By Dr. Natasha Agbai

Every day in my office I see loving moms and dads bring in their newborns for their first doctor’s visit with their pristinely clean car seat and a diaper bag filled with everything a newborn could possibly need, except maybe an extra pair of pants… you live and you learn. A few weeks later they come for the one month visit. The car seat might have a little dried spit up on it, the diaper bag has been thinned out, and it definitely has a second pair of pants.  

One thing remains constant though no matter how seasoned a parent. It is the fear of SIDS, particularly in the first 6 months of age when SIDS is most likely to occur. So many of us parents can relate to waking up in a panic and checking to verify that the baby is still breathing.  Some families find that worry keeps them awake. Some families have been given well meaning gifts for their babies that are actually dangerous or have unknowingly purchased something that has been linked to an increased risk of SIDS. My goal as a pediatrician and a parent is to try to make sure that all parents can have easy access to current SIDS prevention recommendations.  

The American Academy of Pediatrics (AAP) has a SIDS task force that reviews and summarizes new studies and forms SIDS prevention recommendations. These recommendations, along with practical tips, can be found at The AAP comes out with updated recommendations every 5 years (the next update is in 2021). Here are some of their science-backed peer-reviewed SIDS prevention recommendations.  


✅ Pregnant women should obtain regular prenatal care.
✅ Avoid smoke exposure during pregnancy and after birth.
✅ Avoid alcohol and illicit drug use during pregnancy and after birth.

Setting up the nursery:

✅ It is recommended that infants sleep in the parents’ room, close to the parents’ bed, but on a separate surface designed for infants, ideally for the first year of life, but at least for the first 6 months.
✅ Keep soft objects and loose bedding away from the infant’s sleep area to reduce the risk of SIDS, suffocation, entrapment, and strangulation.

Once baby is born:

✅ Infants should be placed for sleep on the back (face up) for every sleep until age 1
✅ Infants should be placed on a firm sleep surface (eg, mattress in a safety-approved crib)
✅ Aside from a fitted sheet, all other bedding should be avoided
✅ No soft objects in the sleep space
✅ If able, breastfeed exclusively until 6 months.  
✅ Use a pacifier
✅ Avoid overheating and head covering/hats in infants.
✅ Infants should be immunized in accordance with recommendations of the AAP and Centers for Disease Control and Prevention.
✅ Avoid the use of commercial devices that are inconsistent with safe sleep recommendations.
✅ Do not use home cardiorespiratory monitors as a strategy to reduce the risk of SIDS

Setting up a safe sleep environment for your baby should be fun and rewarding. You can create a cozy, nurturing environment that is also safe.  Most people use a bassinet for the first 4 months of age and then change into a larger crib. If your baby needs a blanket I encourage the use of swaddles for newborns or sleep sacks (also called wearable blankets) for infants.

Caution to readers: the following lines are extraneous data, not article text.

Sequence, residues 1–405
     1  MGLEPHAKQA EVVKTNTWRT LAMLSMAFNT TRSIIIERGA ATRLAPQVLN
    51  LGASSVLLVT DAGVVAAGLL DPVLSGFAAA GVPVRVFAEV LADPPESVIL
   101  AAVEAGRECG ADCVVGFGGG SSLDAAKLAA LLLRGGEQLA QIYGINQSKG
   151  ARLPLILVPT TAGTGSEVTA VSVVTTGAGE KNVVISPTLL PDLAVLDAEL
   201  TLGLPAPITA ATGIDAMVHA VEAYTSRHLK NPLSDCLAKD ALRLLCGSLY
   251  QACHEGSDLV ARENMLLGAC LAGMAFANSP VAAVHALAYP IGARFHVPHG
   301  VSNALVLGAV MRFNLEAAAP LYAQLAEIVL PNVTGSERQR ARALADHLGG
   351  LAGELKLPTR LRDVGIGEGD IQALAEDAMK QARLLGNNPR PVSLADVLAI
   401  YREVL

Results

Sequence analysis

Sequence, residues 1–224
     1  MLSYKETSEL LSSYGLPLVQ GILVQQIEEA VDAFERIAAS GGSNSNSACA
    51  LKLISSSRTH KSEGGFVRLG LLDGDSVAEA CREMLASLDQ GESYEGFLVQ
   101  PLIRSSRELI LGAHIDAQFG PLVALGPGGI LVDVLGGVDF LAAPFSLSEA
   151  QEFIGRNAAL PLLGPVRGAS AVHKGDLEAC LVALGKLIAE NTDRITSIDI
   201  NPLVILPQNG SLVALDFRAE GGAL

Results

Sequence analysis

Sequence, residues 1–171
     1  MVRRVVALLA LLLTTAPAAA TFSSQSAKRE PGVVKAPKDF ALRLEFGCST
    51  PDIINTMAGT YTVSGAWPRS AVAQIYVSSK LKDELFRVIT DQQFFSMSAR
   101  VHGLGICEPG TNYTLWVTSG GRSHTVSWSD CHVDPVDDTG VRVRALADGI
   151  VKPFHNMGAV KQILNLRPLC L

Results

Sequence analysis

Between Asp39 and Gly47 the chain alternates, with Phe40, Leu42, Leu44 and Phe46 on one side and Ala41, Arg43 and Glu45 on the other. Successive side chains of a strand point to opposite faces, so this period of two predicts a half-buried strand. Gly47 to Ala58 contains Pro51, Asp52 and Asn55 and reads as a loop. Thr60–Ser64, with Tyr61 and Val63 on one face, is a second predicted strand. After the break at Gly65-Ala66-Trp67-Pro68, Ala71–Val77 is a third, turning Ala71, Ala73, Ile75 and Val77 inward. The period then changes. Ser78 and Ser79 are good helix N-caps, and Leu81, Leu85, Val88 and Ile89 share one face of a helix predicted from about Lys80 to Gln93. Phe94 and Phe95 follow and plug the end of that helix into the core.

I urge you to ignore magazine ads showing babies sleeping peacefully with unnecessary (and unsafe) things like stuffed animals, bumpers (even mesh bumpers), quilts, positioners, and pillows. There are also a variety of “sleepers” that are sold regularly in stores that are unsafe sleep surfaces. Things like rockers, recliners, hammocks, and loungers often say “safe for supervised sleep”.  As a pediatrician and SIDS expert let me unequivocally translate this for you. “Safe for supervised sleep” means it is not safe for sleep. I hope in the future the labeling becomes more clear. Until that time we have to rely on savvy parents like you to outwit the marketers and remember the safe sleep principles.

Sometimes friends and family aren’t aware of the updated sleep recommendations. With the best of intentions people may tell you stories of how their child slept on X (insert an unsafe environment) and did just fine. Of course they did. Just like some of our ancestors kids rode in the car without a seatbelt and did just fine. But also some died. My response to this is simple, we make the best decisions we can to protect our children with the information we have at the time. As new information arises recommendations are updated. When it comes to SIDS we can’t yet predict who will end up just fine and who won’t wake up. For this reason, I recommend protecting all infants as best we can.

I also think it is important to recognize the level of sleep deprivation that comes with having a newborn. Sometimes parents need to make difficult choices. Some sleeping surfaces are riskier than others (the couch for example is one of the most dangerous places for an infant to sleep).  If you want to see how certain behaviors influence an infant’s risk for SIDS, check out my Risk Calculator available at   

Having an infant is exhausting, messy, and amazing all at once. Every parent that I have met wants the best possible future for their baby. My hope is that by adopting safe sleep practices our community as a whole will get to experience the joy that comes with more 1st birthdays!


Natasha Agbai, MD, FAAP is a pediatrician at Palo Alto Medical Foundation and creator of, a website dedicated to safe sleep and SIDS prevention.  She is the proud mom of two sons. You can follow her on twitter @AFitterFamily